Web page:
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Aug
18 2016

U.S. Army: history and service requirements


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The U.S. Army originated from The Continental Army  on 14 June 1775. The Continental Congress created it as a unified army for the colonies to fight Great Britain. George Washington was appointed as its commander. After the war,  the Continental Army was separated due to distrust of standing armies. However, because of continuing conflict with Native Americans, leaders realized that it was necessary to maintain a trained army and created the Regular Army. As a result of General St. Clair’s defeat at the Battle of the Wabash, the Regular Army was reorganized as the Legion of the United States, which was established in 1791 and then renamed the “United States Army” in 1796.

The U.S. Army is the largest branch of the United States Armed Forces and performs land-based military operations. The Army is part of the Department of the Army, one of the three military departments of the Department of Defense.

The mission of the U.S. Army is “to fight and win our Nation’s wars, by providing prompt, sustained, land dominance, across the full range of military operations and the spectrum of conflict, in support of combatant commanders.”

Section 3062 of Title 10 US Code defines the purpose of the army as:

The Army is made up of two distinct components: the active component and the reserve components. The reserve components are the United States Army Reserve and the Army National Guard..

The Army conducts both operational and institutional missions. The operational Army consists of armies, corps, divisions, brigades, and battalions that conduct operations around the world. The institutional Army helps the operational Army by providing the groundwork necessary to raise, train, equip, deploy, and ensure the readiness of all Army forces.

Today, the Army consists of more than 700,000 Soldiers. You can choose to enter the Army as an enlisted Soldier or as an Officer.

 

Enlisted Soldiers

Enlisted Soldiers carry out orders and complete missions. Recruits must pass enlistment requirements in order to become a soldier.

Enlistment is the process of taking an oath of U.S. Army service and becoming a Soldier.

Recruits will generally take these five steps to become enlisted Soldiers:

  1. Take the Armed Forces Vocational Aptitude Battery (ASVAB). Your score on this test will determine which Army jobs you are qualified to hold
  2. Pass an Army physical
  3. Meet with a career counselor to discuss and accept your Army job
  4. Take an Oath of Enlistment
  5. Ship to Basic Combat Training with Private ranking

After Basic Combat Training is completed, soldiers attend Advanced Individual Training (AIT) for specialized instruction in the Military Occupational Specialty (MOS) each has chosen. After graduating AIT, soldiers will receive orders to join your unit.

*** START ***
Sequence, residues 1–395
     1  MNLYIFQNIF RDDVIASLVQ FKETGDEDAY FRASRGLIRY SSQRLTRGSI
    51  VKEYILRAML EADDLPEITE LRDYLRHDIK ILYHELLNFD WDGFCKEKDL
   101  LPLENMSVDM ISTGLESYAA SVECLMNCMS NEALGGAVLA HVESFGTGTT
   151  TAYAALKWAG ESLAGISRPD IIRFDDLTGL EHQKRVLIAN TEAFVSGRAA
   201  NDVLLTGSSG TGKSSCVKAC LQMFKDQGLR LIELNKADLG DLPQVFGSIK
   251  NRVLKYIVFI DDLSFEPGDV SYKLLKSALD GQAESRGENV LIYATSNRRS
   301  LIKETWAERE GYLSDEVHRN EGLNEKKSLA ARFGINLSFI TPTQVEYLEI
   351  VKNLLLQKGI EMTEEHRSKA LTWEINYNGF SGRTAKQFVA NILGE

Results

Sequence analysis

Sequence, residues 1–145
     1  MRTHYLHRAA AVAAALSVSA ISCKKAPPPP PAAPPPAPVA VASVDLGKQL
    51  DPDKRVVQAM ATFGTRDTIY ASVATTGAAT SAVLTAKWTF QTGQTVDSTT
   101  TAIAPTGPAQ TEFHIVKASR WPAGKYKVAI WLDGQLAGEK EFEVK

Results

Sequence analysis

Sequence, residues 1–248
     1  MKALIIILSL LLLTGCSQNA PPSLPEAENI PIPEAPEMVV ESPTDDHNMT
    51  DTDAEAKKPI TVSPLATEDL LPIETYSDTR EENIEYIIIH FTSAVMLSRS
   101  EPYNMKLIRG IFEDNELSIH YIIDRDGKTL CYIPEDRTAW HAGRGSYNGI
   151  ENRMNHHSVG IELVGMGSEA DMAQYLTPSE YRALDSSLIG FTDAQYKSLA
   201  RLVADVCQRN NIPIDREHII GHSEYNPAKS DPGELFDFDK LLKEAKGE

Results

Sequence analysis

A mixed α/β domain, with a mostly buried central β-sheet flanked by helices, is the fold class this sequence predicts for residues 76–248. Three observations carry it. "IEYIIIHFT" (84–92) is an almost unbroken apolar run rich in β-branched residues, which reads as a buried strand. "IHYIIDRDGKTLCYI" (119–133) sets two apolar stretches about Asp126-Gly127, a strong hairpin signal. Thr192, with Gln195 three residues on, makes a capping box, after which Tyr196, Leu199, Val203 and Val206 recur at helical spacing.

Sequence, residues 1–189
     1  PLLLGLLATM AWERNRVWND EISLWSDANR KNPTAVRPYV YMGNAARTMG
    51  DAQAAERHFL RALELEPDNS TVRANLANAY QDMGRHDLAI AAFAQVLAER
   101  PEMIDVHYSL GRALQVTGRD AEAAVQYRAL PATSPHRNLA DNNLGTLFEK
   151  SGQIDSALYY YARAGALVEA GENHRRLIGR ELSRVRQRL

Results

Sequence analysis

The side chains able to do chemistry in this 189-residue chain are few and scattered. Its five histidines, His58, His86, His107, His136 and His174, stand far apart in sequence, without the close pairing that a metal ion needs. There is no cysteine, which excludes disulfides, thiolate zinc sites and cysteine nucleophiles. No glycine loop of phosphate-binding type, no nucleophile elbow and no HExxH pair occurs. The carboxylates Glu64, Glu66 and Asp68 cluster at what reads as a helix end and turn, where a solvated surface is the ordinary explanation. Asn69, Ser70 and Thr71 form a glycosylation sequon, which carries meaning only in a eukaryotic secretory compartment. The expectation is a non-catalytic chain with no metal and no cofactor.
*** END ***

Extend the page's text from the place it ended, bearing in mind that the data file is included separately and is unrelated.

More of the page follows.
Responsibilities as an enlisted Soldier will depend on career choices. There are many options from which to choose from. For example, there jobs pertaining to intelligence, combat support, law enforcement, arts and media, healthcare and aviation.

 

General Enlistment Qualifications

To become an enlisted Soldier in the U.S. Army, you must be:

*Some positions may have additional qualifications.

banner-solider3Officers

On the other hand, officers are the managers and planners of the Army. There are two types of Officers: traditional commissioned Officers and Warrant Officers.

Commissioned Officers are responsible for planning missions and operations and commanding units and are entrusted with the lives of the Soldiers under their command. The path to becoming an Officer is different than enlisting as a soldier. Officers usually have a college degree and demonstrate outstanding leadership skills.

Warrant Officers have an expertise in a focused, technical career path. Warrant Officers are more focused on advancing within their own career specialties, and training other Soldiers in those specialties.

Soldiers and Officers may serve one of two ways, full-time as active duty members or part-time in the reserves.

 

Active Duty- Serving Full-time

Active duty Soldiers serve in the Army 24 hours a day, seven days a week for the duration of their service commitment. Service terms typically last two to six years, but service length may vary depending on a unit’s mission. Soldiers are eligible for a two-week leave after six months of deployment.

Soldiers take a test called the Armed Forces Vocational Aptitude Battery (ASVAB). Once the test is completed, soldiers will choose from a list of Military Occupational Specialties (MOS) that match their qualifications.

After Basic Combat Training (BCT) is completed, soldiers move on to Advanced Individual Training (AIT), where they will become experts in the MOS you have chosen.

Army Reserve- Serving As Needed

The Army Reserve is the Army’s extra resources and personnel. Reserve Soldiers perform Army jobs on a part-time basis but still maintain benefits of military personnel. Soldiers spend one weekend a month on duty and two weeks a year in training. Length in the Army Reserve may range from three to six years. Army Reserve service will provide you with the flexibility to live where you choose. Army Reserve Soldiers earn competitive salaries, and have access to a wide range of benefits.

 

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